Total batting titles: seven
First: 1969, at age 23
Second: 1972, at age 26
Last: 1978, at age 32
What are the keys as Mauer looks to sustain last year's success?
"I never went into spring training saying I'm going to lead the league this year," Carew said. "I just tried to get as many base hits as I could. You have to be greedy. When you get two, you want three. You get three, you want four. You get four, if you get a fifth at-bat, you want to get five."
Carew was a magician with the bat in his hands. Like Gwynn, he could hit home runs, but he never became preoccupied with power.
Still, Carew can see power becoming a bigger part of Mauer's game. He likened him to Garret Anderson, who hit .321 with 16 home runs and 69 RBI as a rookie for the Angels in 1995.
By 2003, Anderson was an MVP, batting .315 with 29 homers and 116 RBI.
"He's the same size as Garret, and the thing to me is they both learned how to hit the ball hard first," Carew said. "Garret went from there to driving the ball, and that's what Joe's going to do."
At TwinsFest, Mauer told Carew his spring training goal was to work on handling the inside pitch. Late last season, teams consistently pounded Mauer with fastballs on his hands. When he does strike out, it's often because he chases pitches inside. He also grounded into 24 double plays last year, 15 more than in 2005.
"I'd say right now, I probably feel more comfortable with the ball out over the plate," Mauer said. "But if they come inside, I feel pretty good, too. That's the thing: You just want to make sure you're a well-balanced hitter, and that's what I'm trying to be."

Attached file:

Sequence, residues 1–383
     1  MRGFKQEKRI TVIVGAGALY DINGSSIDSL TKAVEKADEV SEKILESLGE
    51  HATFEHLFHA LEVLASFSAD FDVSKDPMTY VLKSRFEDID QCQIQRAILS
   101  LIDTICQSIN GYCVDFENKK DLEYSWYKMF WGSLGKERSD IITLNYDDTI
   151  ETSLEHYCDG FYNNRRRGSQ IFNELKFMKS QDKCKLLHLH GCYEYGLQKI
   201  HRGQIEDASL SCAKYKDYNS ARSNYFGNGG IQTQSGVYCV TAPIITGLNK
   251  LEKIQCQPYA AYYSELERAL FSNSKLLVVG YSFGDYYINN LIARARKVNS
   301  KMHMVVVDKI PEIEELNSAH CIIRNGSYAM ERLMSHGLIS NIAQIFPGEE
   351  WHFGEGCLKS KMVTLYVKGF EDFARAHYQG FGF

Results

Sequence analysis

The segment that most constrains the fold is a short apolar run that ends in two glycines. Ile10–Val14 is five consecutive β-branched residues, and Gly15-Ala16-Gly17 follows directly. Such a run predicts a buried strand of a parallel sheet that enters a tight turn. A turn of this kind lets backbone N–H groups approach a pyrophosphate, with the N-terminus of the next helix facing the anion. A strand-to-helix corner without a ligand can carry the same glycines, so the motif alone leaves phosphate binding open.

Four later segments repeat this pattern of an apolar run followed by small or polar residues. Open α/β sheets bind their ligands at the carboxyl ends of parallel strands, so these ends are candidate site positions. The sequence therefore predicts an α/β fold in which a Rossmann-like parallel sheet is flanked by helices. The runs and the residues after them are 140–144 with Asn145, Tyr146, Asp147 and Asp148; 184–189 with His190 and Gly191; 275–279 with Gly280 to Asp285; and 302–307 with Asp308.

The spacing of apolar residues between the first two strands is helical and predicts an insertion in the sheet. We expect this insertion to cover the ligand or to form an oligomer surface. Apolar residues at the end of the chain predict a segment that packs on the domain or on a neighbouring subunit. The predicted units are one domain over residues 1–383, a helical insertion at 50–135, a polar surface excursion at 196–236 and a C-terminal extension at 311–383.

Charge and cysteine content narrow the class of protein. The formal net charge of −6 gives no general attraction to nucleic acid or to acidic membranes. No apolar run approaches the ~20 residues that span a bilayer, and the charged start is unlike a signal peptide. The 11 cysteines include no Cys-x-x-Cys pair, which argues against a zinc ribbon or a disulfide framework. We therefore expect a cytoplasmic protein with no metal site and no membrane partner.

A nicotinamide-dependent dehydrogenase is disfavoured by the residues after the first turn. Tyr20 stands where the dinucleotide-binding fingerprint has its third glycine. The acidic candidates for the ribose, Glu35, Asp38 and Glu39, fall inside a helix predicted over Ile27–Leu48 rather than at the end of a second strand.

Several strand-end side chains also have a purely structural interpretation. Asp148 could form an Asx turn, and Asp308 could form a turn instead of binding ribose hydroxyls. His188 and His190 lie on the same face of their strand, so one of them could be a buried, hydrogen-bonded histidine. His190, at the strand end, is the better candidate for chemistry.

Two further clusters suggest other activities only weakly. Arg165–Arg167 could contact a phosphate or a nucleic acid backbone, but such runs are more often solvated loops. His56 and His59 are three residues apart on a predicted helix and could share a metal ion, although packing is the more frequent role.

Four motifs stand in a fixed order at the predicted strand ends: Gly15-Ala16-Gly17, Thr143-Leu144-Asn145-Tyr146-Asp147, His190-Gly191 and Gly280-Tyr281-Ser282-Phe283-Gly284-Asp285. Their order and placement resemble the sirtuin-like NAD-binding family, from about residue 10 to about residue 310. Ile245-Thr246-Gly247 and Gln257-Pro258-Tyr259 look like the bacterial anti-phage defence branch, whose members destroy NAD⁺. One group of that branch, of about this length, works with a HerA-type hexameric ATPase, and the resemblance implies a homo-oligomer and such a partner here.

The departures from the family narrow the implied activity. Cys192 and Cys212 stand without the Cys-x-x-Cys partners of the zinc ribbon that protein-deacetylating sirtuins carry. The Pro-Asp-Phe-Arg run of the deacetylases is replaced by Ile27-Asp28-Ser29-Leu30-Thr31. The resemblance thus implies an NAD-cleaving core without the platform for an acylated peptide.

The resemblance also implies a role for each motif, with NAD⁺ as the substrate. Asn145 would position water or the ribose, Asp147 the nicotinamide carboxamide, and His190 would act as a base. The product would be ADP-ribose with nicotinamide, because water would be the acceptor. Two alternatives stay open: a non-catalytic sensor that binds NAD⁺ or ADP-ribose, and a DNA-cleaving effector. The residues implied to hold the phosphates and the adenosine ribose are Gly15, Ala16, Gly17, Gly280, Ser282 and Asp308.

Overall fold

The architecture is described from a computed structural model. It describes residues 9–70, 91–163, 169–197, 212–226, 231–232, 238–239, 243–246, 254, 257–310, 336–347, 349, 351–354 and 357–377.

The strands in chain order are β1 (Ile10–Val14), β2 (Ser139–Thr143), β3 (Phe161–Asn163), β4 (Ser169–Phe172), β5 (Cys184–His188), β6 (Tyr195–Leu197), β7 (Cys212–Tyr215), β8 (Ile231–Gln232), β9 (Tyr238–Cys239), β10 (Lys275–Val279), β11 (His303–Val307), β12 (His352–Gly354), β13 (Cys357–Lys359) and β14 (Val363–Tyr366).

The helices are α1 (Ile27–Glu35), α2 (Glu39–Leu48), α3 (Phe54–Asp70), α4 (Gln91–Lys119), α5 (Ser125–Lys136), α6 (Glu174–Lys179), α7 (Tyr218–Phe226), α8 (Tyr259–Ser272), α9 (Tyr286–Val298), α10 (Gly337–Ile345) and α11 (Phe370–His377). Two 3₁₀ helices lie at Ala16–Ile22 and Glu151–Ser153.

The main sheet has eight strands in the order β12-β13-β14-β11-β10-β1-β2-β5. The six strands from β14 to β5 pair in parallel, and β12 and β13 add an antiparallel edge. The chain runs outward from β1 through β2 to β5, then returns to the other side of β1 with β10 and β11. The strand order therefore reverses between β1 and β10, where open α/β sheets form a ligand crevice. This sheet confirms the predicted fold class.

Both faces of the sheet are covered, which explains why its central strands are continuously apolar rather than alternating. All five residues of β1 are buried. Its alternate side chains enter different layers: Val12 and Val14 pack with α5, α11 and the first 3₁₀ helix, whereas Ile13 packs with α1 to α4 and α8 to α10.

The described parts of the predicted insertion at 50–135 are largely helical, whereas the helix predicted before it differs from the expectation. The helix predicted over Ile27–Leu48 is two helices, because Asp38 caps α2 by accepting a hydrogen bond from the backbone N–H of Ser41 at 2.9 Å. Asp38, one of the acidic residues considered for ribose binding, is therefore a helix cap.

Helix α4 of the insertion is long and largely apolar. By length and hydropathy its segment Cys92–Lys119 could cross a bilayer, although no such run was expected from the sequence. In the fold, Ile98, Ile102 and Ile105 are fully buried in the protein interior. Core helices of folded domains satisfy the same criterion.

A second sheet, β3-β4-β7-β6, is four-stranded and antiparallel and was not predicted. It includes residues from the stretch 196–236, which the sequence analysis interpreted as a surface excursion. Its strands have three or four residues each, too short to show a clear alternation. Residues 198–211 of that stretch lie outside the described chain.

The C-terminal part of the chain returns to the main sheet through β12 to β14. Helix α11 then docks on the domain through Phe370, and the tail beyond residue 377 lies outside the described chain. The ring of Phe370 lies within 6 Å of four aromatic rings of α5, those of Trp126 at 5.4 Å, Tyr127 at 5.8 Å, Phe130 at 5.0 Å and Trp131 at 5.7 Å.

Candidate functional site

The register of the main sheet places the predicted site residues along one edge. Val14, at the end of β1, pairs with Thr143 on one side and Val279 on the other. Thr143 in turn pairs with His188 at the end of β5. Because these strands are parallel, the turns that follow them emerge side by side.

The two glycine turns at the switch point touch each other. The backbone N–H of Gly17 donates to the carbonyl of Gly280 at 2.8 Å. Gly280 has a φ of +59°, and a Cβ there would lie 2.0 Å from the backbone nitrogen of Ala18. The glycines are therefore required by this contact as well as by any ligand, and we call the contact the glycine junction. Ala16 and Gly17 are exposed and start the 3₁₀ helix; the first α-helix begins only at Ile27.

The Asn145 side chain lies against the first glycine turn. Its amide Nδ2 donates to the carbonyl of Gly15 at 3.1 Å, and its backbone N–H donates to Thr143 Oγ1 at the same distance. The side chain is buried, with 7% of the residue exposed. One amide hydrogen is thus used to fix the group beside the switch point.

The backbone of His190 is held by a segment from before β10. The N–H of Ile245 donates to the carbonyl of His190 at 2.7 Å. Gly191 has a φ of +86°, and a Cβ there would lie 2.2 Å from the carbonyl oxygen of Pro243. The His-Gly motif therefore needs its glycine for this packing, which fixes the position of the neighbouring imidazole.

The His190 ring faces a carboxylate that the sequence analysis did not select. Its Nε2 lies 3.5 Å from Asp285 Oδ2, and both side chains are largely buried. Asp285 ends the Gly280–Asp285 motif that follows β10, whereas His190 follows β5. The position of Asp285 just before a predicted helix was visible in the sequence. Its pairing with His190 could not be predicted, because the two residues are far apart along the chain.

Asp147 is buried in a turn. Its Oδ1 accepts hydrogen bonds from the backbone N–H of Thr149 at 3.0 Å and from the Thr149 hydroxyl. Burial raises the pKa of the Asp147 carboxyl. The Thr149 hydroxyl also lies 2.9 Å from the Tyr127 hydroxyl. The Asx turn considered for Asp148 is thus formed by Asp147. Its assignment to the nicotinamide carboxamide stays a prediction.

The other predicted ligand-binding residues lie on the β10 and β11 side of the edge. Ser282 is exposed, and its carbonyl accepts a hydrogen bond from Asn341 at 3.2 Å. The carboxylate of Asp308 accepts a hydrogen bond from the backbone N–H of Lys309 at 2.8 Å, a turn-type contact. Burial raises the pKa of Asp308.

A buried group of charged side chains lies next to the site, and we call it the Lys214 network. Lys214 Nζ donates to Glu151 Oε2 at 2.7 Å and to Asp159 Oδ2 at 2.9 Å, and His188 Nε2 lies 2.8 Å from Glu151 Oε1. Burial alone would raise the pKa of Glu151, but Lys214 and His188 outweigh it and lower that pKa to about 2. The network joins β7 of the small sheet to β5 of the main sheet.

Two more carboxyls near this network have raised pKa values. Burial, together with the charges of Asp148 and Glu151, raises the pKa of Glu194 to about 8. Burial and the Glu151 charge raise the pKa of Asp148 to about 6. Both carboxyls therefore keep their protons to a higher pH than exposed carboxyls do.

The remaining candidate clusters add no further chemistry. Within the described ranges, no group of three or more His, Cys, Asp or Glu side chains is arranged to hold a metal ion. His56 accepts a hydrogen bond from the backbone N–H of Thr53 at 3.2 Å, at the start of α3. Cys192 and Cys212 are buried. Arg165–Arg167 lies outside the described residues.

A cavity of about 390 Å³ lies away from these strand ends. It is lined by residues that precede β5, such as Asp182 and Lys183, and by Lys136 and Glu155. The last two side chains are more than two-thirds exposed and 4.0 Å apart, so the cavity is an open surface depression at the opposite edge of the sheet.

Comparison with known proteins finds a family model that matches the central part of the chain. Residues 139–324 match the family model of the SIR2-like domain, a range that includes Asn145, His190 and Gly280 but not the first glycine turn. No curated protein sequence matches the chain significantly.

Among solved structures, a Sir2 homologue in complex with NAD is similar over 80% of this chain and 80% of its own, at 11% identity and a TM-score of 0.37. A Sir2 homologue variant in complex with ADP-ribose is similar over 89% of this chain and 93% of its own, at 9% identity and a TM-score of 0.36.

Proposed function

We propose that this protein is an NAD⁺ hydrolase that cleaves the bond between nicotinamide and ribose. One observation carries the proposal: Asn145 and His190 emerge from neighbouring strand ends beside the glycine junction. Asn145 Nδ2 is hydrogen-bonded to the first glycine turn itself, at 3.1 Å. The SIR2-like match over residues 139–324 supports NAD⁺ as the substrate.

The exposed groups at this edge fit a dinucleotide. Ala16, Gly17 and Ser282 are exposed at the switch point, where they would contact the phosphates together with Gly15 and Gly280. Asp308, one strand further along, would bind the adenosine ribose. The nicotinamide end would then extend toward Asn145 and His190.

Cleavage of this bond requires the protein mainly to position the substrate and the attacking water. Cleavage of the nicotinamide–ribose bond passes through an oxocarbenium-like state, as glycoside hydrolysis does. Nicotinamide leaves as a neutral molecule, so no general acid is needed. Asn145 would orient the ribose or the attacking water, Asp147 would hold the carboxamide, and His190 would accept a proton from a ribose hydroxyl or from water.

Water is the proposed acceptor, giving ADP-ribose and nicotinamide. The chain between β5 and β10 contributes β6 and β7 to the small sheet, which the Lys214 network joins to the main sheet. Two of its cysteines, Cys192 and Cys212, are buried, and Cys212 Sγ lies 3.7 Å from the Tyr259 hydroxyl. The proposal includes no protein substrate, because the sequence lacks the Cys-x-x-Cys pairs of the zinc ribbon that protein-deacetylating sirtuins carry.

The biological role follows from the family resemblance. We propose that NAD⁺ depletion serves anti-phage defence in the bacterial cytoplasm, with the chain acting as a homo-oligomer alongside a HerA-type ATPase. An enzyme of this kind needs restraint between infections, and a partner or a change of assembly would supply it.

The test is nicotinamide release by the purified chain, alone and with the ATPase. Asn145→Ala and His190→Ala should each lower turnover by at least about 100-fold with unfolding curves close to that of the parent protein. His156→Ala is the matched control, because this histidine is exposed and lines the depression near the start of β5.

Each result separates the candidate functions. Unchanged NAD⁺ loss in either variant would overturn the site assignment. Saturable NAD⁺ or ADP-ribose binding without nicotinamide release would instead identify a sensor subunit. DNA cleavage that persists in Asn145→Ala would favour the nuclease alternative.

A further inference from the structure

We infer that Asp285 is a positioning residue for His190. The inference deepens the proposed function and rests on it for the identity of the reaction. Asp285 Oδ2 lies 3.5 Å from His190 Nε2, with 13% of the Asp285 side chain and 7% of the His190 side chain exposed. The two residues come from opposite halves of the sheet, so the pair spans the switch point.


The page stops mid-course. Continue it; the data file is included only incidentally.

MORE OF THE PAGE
As a catcher, wear-and-tear is a serious factor, too. By September, Mauer's whole body ached. He had bone bruises on two of his left fingers (from his glove hand) and it robbed him of some bat speed. Earlier in the year, Mauer's hands felt great.
"The kid can hit," Carew said. "I mean, he can hit. And what I really like about him is he's very quiet at the plate. [Justin] Morneau is the same way. You don't find them jumping at the ball. They're always nice and easy, nice and smooth.
"The reason he's able to do that is he uses his hands real well. His hands are the key to what he does at the plate. If your hands hurt, it's tough. You can hurt anyplace else, but if your hands hurt, sometimes it's going to be a struggle."
In some ways, Mauer will always be measured against his .347 average from last year. Will he be satisfied if that's the only batting title he ever wins?